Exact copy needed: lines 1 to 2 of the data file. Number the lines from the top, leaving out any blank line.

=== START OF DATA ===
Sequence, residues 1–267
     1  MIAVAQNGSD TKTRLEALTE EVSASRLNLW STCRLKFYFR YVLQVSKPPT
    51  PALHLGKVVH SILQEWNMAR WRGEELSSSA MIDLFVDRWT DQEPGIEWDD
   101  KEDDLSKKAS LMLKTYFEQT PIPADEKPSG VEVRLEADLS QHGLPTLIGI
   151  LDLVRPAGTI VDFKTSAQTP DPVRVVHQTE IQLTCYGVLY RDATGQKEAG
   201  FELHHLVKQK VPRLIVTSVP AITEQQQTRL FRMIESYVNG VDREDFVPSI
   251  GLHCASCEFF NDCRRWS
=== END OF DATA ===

Sequence, residues 1–267
     1  MIAVAQNGSD TKTRLEALTE EVSASRLNLW STCRLKFYFR YVLQVSKPPT